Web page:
Thursday, March 31, 2005

# Posted 1:11 AM by Ariel David Adesnik  

A HEARTFELT RESPONSE: On Monday, I suggested that the WaPo's glowing profile of Sgt. Brett Parson demonstrated a surprising lack of interest in numerous complaints that Sgt. Parson has used excessive force in the line of duty. In response to that suggestion, I received the following response from Chris Grasso, Sgt. Parson's boyfriend (it is reprinted with Mr. Grasso's permission):
Oxblog writes:
But what are we supposed to think of someone who admits to a reporter from a nationally renowned paper that he pushes the limits of acceptable behavior? And what are supposed to think of a reporter who doesn't find that newsworthy?
The answer to the first question: think what you'd like. Newspapers report facts, which they did here; if you decide on the balance of the facts reported by the Post, both positive and negative, that Sgt. Parson is a bad guy, that is your conclusion to draw. The statement that the reporter didn't deem this issue newsworthy is patently false. The reporter explicitly deemed the fact newsworthy: she put it in her story. Oxblog wouldn't have even known of the fact if she hadn't. The reporter gave readers the information they needed to draw their own conclusions. Did she spend the exact amount of column inches on the issue as you would have if you'd been the reporter? Perhaps not; that is the judgment every writer and editor has to make when putting together a piece. But she drew no conclusions herself; she gave the assessment of the chief of police, not her own. If you "presume" the behavior in question is okay, that's your presumption, by definition, not the Post's.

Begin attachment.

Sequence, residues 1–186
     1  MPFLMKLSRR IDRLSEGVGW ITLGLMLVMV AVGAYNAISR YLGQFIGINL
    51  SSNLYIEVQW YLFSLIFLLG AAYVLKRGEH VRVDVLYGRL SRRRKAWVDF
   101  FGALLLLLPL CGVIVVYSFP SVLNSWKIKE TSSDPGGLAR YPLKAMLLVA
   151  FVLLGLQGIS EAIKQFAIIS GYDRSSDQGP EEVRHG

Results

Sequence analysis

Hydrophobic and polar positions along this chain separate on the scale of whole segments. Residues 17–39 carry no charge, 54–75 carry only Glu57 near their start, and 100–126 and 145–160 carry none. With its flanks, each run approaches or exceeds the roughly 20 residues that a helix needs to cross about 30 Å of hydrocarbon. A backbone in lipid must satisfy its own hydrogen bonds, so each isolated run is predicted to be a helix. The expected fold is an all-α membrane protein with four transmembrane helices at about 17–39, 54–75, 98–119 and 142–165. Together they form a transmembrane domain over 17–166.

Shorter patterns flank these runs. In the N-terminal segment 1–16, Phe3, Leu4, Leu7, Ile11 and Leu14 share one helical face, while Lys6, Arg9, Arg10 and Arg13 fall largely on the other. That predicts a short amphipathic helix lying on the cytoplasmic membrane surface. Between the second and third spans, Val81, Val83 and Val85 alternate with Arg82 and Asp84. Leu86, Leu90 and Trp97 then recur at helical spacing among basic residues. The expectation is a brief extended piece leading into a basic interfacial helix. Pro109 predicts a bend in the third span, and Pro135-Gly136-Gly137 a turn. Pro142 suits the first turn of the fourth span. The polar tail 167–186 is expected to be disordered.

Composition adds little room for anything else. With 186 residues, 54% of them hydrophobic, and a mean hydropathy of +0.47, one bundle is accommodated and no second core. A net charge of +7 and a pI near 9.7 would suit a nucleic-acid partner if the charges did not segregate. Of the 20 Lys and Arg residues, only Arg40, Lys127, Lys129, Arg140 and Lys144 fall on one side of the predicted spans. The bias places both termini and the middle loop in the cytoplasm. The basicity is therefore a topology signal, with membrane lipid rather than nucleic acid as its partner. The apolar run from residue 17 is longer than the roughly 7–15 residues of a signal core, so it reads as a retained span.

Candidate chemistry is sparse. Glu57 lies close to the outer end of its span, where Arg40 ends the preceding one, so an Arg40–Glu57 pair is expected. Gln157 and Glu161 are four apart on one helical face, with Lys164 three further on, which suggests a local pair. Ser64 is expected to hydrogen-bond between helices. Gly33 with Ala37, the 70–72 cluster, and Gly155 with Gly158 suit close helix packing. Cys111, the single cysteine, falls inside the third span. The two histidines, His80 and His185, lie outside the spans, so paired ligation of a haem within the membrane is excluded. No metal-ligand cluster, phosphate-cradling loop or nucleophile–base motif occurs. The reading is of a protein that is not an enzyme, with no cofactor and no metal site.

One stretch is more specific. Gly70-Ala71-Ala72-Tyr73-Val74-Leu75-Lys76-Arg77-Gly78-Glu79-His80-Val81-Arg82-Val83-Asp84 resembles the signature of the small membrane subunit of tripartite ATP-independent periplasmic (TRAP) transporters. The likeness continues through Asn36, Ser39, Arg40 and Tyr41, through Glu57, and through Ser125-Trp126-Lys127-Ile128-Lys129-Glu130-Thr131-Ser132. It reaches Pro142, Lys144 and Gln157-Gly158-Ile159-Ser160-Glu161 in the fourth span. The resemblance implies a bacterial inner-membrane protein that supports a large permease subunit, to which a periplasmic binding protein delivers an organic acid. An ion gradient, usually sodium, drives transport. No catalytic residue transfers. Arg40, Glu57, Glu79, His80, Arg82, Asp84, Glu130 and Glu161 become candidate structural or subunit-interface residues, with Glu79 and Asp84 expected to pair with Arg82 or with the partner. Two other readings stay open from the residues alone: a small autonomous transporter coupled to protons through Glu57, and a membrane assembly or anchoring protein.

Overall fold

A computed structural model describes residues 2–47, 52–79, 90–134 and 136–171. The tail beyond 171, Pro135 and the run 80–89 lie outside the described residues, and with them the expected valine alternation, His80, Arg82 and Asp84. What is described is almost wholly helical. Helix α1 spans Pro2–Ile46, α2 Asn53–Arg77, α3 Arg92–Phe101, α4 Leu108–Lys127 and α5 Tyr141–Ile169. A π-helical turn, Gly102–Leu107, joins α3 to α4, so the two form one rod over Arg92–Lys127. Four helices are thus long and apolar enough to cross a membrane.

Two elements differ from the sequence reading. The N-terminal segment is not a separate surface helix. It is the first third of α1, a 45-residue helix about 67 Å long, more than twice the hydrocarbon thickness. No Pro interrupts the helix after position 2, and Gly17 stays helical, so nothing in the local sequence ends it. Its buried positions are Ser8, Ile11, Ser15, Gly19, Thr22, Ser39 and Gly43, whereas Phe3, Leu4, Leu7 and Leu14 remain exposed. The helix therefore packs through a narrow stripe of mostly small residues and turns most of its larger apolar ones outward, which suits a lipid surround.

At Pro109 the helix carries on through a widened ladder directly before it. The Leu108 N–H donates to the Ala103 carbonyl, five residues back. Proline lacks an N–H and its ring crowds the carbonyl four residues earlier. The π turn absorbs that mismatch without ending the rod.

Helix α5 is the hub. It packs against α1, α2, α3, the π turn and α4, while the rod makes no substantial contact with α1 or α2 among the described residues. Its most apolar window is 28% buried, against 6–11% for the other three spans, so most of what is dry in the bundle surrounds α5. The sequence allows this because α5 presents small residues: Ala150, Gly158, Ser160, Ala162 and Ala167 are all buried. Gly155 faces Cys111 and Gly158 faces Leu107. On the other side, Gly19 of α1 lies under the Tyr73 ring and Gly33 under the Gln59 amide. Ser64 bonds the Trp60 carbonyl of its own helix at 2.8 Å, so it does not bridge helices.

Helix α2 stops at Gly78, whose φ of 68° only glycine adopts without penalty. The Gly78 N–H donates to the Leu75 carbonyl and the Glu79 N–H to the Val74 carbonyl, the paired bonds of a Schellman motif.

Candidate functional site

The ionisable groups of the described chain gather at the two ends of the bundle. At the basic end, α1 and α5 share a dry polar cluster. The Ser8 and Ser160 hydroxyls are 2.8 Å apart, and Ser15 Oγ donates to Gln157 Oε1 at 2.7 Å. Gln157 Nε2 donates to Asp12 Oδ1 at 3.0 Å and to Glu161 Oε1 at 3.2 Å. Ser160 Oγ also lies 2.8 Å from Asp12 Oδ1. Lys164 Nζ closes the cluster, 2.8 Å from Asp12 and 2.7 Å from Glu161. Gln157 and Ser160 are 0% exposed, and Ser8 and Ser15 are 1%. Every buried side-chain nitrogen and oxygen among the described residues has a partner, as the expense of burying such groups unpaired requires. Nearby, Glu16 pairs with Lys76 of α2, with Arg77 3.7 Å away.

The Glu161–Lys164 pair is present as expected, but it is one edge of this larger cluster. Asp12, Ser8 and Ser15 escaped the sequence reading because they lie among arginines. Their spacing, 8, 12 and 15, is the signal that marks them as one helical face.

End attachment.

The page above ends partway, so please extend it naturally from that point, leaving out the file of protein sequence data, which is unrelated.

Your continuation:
I'm Parson's boyfriend, so I'm obviously biased in his favor. But the fact that a reader of the piece could disagree shows that the reporter did her job.
I wrote Mr. Grasso the following message in response:
Dear Chris,

Thanks for writing. Your name rang a bell but I just couldn't place it until you mentioned you were Sgt. Parson's boyfriend. First of all, let me point you to my statement that "the [WaPo] article will convince you that Sgt. Parson is an extremely talented public servant who [has] done tremendous things for the citizens of our nation's capital."

I stand by that 100%. I don't want to leave the impression that I was trying to reduce Sgt. Parson to a two-dimensional caricature.

With regards to the issue of excessive force, first, let me offer to print your message in its entirely on OxBlog. Normally, I presume that all messages sent to the editor are on the record. However, since you have a personal connection to this article, I didn't not want to assume that you were speaking to the general public.

With regards to being "newsworthy", perhaps my choice of words in that final sentence was poor. Let me point you to my the sentence from my post where I ask, "What happened to journalists looking for both sides of the story[?]" If Ms. Hull didn't look for the other side of the story, then she did not provide readers with the information we need to draw our own conclusions. Reporting what is on the public record in Sgt. Parson's file is simply not enough. If Ms. Hull didn't think that the numerous complaints in that file merited further, independent, investigation on her part, then she didn't treat the issue of excessive use of force as SUFFICIENTLY newsworthy.

I find that judgement extremely questionable in light of the extensive efforts that journalists generally make to ensure that the alleged victims of police brutality have as great an opportunity as possible to share their views. In other words, I am saying that there is a double standard. Why does such a double standard exist? I can only respond with speculation. Perhaps Ms. Hull was so enamored by all of the good work that Sgt. Parson does that she gave him an easy pass on the use of force issue. Or perhaps Sgt. Parson represents a political agenda to which Ms. Hull subscribes and therefore she was less inclined to emphasize his shortcomings.

Once again, I appreciate your taking the time to write in with your thoughts on my work.

Mr. Grasso sent a brief reply to this message and I sent an even briefer one back. I will spare you the details since I believe that we have both elaborated our arguments to the point where one can evaluate their merits.
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